On Wednesday evening, Slate posted a piece I wrote about buying 27,000 fake Twitter followers. Within a few hours, I got a tweet from a reader noting that my follower count was back down 1,223. Someone had jettisoned all those zombies.
I immediately suspected that Twitter had seen my story and zapped my fake followers, so I emailed the company to ask if it could help me figure out what exactly had happened. “We don’t comment on actions taken on accounts,” replied a spokesperson, “but as far as what you describe, we have a mix of automated and manual processes that monitor for spam activity on the platform.”
This seemed a lot more manual than automated—my fake followers had sat undisturbed for months until I outed myself on Slate. So my guess is that somebody on the “trust and safety” team at Twitter spotted my Slate column and decided to whup some zombies. No notice was given to me, no explanation. This was just a cold-blooded mass zombie killing.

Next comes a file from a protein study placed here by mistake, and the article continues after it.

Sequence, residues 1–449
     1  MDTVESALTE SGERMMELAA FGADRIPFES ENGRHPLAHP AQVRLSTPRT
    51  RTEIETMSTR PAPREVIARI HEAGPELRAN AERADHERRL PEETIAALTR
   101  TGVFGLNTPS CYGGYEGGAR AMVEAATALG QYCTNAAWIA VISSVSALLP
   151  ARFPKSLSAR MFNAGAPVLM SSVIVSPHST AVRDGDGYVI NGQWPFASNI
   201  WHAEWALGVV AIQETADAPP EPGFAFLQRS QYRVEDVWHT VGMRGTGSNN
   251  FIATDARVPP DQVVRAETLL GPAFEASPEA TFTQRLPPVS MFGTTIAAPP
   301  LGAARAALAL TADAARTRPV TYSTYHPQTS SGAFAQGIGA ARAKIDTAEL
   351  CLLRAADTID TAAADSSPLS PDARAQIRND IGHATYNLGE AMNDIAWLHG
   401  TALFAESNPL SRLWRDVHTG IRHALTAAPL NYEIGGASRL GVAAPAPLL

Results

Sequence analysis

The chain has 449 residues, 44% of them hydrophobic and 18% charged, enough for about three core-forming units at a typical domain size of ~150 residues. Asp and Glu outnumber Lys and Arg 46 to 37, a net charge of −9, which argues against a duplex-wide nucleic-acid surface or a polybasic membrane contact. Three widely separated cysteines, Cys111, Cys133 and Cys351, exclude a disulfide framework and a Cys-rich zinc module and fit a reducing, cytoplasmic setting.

Felt kind of brutal on my end. But it’s covered under Twitter’s “spam and abuse” rules. I was fretting that some real followers might also have been deleted as collateral damage but, according to the spokesperson, each zombie account was sent a message inviting it to prove itself real and win reinstatement.
Al Delgado, sole proprietor of FanMeNow.com (a site that sells fake accounts, though not one I bought from) says he sometimes gets complaints from customers when their newly purchased zombie followers get purged. “I replenish the followers at no cost,” says Delgado. “I want to maintain good relationships with my clientele.” Delgado feels the real scandal is that Twitter enforces unevenly and hasn’t cracked down on celebrities he thinks are buying followers. “Look at Lady Gaga,” he suggests, noting that StatusPeople.com assesses her followers as 30 percent fakes.
As for me: It’s actually a relief to be rid of that garbage mound of zombies. Now I know that every tweep I have is a tweep I earned. And, by the way, in the midst of all this hullabaloo I gained about 130 new real followers—most of them curious to find out what had happened to my 27,000 fakes.